The Hometown Hero
Vicky Jacobsen | Friday, April 5, 2013
It’s how senior guard Skylar Diggins greets her 331,035 Twitter followers before each contest. She has, at most, only two more opportunities to send out that tweet as a Notre Dame player. Two more times to put on an Irish uniform. Just one more college road-trip. And one more chance to win a national title.
“I want to bring home the national championship so badly,” Diggins said. “Not just for myself, but for Notre Dame and the city of South Bend. People know how high I hold this team and this university, I hold it on a pedestal. And the city of South Bend, how proud would they be? I know they would be proud of us regardless, but you know I want to go out winning our last game.”
Just don’t think the pressure will keep Diggins from enjoying her last weekend as a college athlete.
“I’m super excited,” Diggins said. “I kind of don’t want it start because that means it’s going to end even quicker. I’m just trying to take it all in and really enjoy the moment.”
The recruitment of Skylar Diggins, the proud South Bend native, has become a familiar story for Irish fans. But assistant coach Niele Ivey, who was charged with bringing Diggins to Notre Dame, said she wasn’t sure she had made the sell until the then-high school senior made the announcement in the Washington High library.
“I was sweating it out to the end,” Ivey said. “I always felt like we had a chance, you could say. I always felt like this is home for her, it would be hard for her to leave. I guess I was always nervous.”
Ivey and Irish head coach Muffet McGraw were successful in recruiting Diggins to Notre Dame, but it was Diggins herself who brought a new crew of fans to Purcell Pavilion.
“I feel like I met everybody in the crowd,” Diggins said. “There are so many fans that have been familiar faces that I’ve been with since Washington, since my middle school days. And it’s just a great feeling, to be from here and to see the support knowing people have are in your corner and want you to win.”
McGraw said the increased support from local fans has been palpable.
“I think people like the home talent. They appreciate that kids stay close to home,” McGraw said. “When we went to Indianapolis for the Final Four [in 2011] we got a huge crowd. The entire state was cheering for us. So I think it’s a bonus to have a player like that stay close to home and help us grow our fan base and create more interest in the women’s game.”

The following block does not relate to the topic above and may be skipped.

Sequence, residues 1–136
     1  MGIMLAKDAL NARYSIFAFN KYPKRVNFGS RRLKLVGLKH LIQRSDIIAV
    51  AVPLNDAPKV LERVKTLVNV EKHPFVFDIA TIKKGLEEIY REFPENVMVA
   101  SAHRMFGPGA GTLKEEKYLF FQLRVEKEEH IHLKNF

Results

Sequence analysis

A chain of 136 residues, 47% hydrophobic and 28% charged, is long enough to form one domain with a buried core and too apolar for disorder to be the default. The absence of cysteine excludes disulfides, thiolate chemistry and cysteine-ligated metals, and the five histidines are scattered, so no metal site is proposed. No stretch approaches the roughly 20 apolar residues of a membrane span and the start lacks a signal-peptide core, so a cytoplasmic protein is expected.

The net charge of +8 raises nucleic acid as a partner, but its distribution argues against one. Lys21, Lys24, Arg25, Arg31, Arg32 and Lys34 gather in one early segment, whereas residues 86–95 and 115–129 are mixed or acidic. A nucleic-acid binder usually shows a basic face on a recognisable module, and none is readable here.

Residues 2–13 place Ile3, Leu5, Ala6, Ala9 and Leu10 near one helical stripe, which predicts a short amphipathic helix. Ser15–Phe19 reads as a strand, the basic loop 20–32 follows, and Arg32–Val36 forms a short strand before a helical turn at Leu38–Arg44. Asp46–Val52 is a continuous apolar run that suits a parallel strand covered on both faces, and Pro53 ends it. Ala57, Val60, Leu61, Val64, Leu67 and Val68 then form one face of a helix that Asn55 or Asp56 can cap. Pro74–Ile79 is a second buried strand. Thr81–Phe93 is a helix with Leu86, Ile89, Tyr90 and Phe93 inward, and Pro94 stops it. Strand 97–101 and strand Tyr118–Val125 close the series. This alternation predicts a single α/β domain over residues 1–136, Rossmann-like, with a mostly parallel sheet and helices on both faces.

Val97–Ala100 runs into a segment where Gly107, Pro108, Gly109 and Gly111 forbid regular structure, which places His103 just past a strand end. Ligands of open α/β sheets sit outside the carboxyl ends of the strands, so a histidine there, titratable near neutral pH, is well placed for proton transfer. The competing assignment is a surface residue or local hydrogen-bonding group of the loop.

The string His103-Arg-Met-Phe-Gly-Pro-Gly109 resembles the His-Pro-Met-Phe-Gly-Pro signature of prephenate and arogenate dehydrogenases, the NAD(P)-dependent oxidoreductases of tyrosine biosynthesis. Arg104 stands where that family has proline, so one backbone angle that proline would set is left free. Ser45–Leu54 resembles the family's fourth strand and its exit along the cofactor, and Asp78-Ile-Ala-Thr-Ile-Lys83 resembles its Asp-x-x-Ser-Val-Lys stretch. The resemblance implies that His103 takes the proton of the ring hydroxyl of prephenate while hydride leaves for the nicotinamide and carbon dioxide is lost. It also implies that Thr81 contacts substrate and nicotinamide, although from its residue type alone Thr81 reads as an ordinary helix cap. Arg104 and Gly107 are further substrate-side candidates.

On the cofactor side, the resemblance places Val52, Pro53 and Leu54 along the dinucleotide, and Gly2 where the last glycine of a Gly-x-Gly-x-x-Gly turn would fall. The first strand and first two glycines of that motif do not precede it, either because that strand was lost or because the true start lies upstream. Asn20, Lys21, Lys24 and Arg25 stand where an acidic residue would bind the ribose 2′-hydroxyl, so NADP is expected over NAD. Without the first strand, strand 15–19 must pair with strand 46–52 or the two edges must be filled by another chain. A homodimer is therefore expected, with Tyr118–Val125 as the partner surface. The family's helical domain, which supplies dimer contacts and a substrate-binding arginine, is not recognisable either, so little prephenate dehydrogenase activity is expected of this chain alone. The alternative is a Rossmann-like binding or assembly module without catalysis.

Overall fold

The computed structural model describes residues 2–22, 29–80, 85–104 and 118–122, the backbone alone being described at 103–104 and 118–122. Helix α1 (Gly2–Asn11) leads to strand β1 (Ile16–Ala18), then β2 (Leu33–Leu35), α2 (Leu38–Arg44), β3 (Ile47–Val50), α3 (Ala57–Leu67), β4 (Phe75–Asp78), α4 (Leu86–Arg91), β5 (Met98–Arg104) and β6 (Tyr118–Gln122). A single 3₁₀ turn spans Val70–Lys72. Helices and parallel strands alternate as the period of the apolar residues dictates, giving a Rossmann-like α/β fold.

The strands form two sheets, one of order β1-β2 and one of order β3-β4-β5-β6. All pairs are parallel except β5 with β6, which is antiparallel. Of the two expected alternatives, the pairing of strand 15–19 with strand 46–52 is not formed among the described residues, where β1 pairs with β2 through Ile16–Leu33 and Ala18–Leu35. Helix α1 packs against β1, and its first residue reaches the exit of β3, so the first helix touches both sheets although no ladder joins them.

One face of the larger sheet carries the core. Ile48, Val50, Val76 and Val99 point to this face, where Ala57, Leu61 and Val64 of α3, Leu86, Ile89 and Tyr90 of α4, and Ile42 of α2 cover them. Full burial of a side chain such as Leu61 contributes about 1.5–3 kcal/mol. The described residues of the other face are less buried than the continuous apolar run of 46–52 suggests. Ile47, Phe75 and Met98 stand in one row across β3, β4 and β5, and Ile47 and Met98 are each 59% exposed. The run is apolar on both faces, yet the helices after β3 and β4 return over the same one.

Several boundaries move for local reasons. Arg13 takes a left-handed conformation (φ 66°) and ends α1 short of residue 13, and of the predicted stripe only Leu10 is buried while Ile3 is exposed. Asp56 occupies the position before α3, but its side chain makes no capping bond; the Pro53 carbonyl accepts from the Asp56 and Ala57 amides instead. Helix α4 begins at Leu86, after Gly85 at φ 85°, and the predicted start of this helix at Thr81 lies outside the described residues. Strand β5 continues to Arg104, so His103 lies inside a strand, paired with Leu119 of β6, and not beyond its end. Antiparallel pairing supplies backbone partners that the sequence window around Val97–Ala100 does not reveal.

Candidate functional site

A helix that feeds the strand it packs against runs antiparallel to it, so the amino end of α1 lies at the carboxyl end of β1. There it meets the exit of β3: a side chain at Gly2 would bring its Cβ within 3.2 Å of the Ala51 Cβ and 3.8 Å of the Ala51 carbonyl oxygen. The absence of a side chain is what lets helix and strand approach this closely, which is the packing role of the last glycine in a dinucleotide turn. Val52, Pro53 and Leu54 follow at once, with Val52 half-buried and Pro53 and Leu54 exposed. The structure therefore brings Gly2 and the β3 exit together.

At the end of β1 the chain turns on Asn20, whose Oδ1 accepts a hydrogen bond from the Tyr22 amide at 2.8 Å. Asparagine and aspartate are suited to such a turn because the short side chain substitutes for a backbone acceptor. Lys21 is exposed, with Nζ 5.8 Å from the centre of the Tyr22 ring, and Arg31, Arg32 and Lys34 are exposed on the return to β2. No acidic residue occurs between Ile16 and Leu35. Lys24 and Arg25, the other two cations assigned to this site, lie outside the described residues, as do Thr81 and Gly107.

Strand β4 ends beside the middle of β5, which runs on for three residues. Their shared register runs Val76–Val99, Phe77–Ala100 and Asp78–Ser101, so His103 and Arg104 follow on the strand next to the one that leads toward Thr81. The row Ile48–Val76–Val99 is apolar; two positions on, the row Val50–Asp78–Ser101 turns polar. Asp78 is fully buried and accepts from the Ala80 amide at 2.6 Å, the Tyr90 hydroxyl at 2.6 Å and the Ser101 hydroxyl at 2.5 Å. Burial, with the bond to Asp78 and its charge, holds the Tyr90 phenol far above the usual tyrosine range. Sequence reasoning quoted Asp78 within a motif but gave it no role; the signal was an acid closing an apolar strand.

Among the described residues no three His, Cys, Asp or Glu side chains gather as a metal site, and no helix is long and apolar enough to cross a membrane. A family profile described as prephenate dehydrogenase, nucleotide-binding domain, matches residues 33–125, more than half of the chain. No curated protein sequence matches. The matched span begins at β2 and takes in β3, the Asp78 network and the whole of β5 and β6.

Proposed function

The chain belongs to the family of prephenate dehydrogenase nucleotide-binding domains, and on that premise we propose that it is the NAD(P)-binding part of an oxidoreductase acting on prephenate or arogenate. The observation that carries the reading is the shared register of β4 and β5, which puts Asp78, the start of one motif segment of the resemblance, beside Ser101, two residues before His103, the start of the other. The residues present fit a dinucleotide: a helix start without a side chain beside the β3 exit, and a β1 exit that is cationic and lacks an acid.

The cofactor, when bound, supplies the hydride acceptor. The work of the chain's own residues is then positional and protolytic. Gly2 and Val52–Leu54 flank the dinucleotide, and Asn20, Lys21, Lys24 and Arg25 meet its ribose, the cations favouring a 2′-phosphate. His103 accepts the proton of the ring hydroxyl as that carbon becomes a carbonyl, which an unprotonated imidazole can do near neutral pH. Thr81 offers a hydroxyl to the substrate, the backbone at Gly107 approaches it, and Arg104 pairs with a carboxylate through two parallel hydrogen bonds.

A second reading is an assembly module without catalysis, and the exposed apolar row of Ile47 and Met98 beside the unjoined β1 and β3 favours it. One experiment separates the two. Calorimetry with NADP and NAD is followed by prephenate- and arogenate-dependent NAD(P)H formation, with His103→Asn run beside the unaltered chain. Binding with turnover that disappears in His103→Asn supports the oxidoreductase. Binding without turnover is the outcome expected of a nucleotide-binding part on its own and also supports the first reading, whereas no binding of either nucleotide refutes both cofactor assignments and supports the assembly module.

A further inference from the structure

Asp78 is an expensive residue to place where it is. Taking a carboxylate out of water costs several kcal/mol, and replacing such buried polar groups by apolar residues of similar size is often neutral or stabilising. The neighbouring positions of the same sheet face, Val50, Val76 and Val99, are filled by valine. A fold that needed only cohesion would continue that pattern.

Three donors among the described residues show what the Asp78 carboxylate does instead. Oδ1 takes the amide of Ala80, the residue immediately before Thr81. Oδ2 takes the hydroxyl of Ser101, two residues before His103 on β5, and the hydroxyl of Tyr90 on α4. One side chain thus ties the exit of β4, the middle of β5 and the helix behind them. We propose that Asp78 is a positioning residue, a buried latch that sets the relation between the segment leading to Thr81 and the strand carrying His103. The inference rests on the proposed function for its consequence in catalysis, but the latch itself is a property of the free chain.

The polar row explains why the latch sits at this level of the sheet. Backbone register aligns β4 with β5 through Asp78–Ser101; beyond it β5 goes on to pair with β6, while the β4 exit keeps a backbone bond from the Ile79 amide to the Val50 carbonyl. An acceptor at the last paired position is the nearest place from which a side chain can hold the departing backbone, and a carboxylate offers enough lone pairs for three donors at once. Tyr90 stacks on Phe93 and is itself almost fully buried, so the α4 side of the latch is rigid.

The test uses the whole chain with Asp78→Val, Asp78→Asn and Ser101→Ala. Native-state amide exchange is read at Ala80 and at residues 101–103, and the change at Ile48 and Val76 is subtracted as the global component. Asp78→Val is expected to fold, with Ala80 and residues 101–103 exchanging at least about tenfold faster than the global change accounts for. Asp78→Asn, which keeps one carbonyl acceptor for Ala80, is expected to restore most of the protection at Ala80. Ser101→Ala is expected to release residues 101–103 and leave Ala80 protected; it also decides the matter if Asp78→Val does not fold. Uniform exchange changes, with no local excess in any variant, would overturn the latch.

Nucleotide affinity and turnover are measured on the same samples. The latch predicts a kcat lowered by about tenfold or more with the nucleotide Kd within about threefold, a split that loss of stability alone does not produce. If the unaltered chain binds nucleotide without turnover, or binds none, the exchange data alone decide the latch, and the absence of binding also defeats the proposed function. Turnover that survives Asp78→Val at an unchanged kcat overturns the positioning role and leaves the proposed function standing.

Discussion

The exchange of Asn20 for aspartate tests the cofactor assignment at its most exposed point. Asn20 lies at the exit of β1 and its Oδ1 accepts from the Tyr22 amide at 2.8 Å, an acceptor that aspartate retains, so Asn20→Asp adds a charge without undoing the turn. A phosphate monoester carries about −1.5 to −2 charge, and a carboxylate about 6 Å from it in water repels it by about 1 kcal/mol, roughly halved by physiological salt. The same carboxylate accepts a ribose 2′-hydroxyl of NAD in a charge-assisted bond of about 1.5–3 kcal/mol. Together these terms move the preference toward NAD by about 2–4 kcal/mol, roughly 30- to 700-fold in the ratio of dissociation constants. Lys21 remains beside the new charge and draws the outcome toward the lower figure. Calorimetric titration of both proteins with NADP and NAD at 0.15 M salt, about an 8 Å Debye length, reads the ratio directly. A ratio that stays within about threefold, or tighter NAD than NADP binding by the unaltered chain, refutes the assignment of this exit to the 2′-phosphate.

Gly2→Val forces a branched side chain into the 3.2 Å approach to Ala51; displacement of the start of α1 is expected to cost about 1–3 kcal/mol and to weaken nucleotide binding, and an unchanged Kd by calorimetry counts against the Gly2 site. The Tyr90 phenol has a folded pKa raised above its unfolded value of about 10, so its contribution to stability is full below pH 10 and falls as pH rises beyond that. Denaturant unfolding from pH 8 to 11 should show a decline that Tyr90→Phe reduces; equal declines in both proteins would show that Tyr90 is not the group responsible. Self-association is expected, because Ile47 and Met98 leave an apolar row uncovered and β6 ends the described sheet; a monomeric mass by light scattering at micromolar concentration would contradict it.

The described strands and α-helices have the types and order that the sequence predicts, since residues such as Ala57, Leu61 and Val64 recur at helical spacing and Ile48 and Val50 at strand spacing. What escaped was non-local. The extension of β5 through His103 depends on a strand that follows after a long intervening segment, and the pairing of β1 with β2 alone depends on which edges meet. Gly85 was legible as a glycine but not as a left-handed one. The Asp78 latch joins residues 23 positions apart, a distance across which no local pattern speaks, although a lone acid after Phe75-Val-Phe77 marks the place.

It was during that NCAA tournament in 2011 that Diggins, then a sophomore, began to attract attention outside of Michiana.
“Probably my biggest moment [from Diggins’s career] was when we beat Tennessee in the Elite Eight and made our first Final Four since 2001,” Ivey said. “It was a monumental stage for us. It was the first time beating Tennessee, first time beating [then-Tennessee coach] Pat Summitt at the head of the program. That was the year Skylar became a household name.”
Of course, Diggins isn’t the first player in program history to accrue widespread attention. Ivey herself was a member of the Notre Dame team that won a national championship in 2001 along with Ruth Riley, who won that year’s Naismith Award and was named the Associated Press Player of the Year.
But while Riley, like Diggins, also played with a signature headband during her college days, a virtual “headband nation” has obsessed the legions of little girls who try to emulate Diggins, a unique result of athletic success in the age of social media.
“I think it’s a tremendous burden to be placed on a player at that age, and somehow she has embraced it,” McGraw said. “I think she talked to Ruth Riley years ago, like after her freshman year, maybe, just about what it’s like to be the one that everybody’s talking about.
“I’ve been so impressed with the way she handled it. But I haven’t really been surprised because when she was going into ninth grade, I sat her in my office and offered her a scholarship and she was so poised and mature at that point, I thought ‘This girl is just going to be special.'”